Today is Veterans Day in the U.S., the day men and women who have served in the country’s armed forces are honored. Many wreaths will be laid today at war memorials here in DC and around the country. Parades will lift up local heroes. Our attentions will focus on the 23 million veterans living among us in the United States. How are they doing? Here are some interesting stats on veterans today from the Center for American Progress.

This Veterans Day may be more momentous than others. With two wars still in the balance, here at home the debate continues over whether LGBT servicemen and women can serve openly. A draft of the special study conducted by a Pentagon working group has determined that there is “minimal risk” in removing the ban better known as “Don’t Ask, Don’t Tell.” The advocacy to end the ban is coming from Republicans (Log Cabin, the LGBT Republican group) and Democrats, among others. Servicemembers United keeps tabs on the developments.

Tonight, HBO will broadcast “Wartorn,” a documentary that looks at the history of post traumatic stress disorder (PTSD) from the U.S. Civil War to the wars in Iraq and Afghanistan. We will hear more about PTSD and feel its impact in out communities as more soldiers return to civilian life from Iraq and Afghanistan.

18 veterans commit suicide each day according to the Veterans Affairs Department. Women attempt it more often; men more often succeed.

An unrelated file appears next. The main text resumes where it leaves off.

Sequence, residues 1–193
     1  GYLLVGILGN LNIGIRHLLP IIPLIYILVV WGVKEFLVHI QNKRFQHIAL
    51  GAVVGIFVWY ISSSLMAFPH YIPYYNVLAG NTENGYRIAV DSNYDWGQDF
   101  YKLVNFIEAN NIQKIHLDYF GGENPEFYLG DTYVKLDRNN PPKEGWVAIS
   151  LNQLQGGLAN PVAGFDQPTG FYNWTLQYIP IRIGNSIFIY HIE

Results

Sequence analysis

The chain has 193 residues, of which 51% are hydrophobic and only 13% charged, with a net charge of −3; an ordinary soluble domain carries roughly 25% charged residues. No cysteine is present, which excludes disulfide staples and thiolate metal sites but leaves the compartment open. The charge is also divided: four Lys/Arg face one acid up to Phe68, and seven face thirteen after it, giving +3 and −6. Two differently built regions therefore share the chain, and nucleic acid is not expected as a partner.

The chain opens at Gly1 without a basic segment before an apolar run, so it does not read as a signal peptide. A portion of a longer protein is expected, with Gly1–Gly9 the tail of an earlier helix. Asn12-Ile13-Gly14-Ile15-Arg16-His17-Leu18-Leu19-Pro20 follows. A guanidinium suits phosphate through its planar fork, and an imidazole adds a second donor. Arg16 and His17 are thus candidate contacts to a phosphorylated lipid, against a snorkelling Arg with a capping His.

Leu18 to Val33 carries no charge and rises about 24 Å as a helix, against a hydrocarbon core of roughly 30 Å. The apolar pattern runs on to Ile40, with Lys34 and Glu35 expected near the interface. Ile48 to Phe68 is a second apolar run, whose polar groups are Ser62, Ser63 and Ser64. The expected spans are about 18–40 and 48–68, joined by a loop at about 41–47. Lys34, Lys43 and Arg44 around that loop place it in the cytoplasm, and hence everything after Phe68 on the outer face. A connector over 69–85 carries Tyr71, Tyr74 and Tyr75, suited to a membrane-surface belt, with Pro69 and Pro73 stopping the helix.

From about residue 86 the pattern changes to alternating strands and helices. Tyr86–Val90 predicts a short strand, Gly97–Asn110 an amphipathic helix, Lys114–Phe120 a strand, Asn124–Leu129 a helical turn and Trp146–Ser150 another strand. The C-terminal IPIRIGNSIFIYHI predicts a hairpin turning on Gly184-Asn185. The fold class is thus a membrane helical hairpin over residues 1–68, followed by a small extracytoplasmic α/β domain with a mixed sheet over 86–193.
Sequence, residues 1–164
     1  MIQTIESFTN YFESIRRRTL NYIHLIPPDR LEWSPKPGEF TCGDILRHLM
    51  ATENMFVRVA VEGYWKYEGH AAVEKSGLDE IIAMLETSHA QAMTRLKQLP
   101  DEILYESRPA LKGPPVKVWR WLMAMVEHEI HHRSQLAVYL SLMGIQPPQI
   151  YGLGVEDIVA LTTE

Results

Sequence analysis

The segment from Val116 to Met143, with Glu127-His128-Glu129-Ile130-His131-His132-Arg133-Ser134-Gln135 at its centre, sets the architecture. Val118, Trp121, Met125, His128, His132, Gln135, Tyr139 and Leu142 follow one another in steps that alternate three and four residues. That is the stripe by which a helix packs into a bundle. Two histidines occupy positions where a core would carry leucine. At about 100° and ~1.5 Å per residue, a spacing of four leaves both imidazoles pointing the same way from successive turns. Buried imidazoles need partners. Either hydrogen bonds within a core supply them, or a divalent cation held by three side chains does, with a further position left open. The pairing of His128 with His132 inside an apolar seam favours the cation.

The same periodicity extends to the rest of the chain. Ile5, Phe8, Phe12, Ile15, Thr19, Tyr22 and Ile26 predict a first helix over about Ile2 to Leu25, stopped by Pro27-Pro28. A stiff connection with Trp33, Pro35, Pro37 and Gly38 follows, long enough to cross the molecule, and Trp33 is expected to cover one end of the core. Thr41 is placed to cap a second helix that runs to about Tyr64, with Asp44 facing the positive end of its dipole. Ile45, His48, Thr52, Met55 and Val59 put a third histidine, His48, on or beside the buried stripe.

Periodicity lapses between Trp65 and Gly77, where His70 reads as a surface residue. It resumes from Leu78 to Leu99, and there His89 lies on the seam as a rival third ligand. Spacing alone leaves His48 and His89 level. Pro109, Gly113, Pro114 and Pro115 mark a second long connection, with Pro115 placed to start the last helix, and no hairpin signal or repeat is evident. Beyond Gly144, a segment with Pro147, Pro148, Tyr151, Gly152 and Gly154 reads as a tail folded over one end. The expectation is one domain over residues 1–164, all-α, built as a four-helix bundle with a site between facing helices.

The VA has set up a Suicide Prevention Lifeline, 1-800-273-TALK (8255), on call 24/7. Veterans and family members can chat with trained VA counselors via Counselors receive at least 10,000 calls a month.

Yesterday, actor Gary Sinise broke ground for the American Veterans Disabled for Life Memorial. There are over 3 million living disabled Americans veterans according to Disabled American Veterans, an organization I became familiar with during the screenings of “Lioness.”

In 2004, the National Endowment for the Arts launched “Operation Homecoming,” an initiative of former chair Dana Gioia, to inspire soldiers from to write down their experiences about the wars in Iraq and Afghanistan. Writers worked with soldiers on basis and veterans hospitals throughout the U.S. An anthology of the writings was published by Random House in 2006.

More information about Veterans Day (the official holiday) is available on the Veterans Administration website, located here.

Today we honor and support our veterans. How do civilians impose a narrative on the men and women who choose to serve — Is that the price of honor? Today may be the day to listen to veterans in their own words. Afterall, it’s their day.